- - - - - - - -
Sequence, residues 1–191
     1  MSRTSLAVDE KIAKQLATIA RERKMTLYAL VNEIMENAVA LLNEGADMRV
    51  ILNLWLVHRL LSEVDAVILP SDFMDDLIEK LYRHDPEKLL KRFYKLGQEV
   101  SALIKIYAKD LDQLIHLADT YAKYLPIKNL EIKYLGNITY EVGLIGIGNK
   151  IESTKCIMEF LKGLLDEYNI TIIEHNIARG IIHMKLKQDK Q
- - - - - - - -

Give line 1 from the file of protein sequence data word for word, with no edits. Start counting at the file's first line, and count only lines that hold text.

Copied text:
Sequence, residues 1–191